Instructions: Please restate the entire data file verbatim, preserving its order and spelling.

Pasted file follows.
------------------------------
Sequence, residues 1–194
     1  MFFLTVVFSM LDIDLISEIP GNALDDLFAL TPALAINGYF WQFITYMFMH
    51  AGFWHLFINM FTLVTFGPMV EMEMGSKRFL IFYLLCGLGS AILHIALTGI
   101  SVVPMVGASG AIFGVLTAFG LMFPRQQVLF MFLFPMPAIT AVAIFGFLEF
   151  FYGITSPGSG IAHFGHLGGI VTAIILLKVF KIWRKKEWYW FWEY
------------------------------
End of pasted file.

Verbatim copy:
Sequence, residues 1–194
     1  MFFLTVVFSM LDIDLISEIP GNALDDLFAL TPALAINGYF WQFITYMFMH
    51  AGFWHLFINM FTLVTFGPMV EMEMGSKRFL IFYLLCGLGS AILHIALTGI
   101  SVVPMVGASG AIFGVLTAFG LMFPRQQVLF MFLFPMPAIT AVAIFGFLEF
   151  FYGITSPGSG IAHFGHLGGI VTAIILLKVF KIWRKKEWYW FWEY